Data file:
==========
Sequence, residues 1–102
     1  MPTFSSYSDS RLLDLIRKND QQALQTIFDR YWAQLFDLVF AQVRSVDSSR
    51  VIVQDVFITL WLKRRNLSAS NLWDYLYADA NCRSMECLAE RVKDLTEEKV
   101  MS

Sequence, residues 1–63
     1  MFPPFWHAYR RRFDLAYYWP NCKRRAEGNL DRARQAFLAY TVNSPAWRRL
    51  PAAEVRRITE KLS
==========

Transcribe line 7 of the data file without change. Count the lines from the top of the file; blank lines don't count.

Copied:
    51  PAAEVRRITE KLS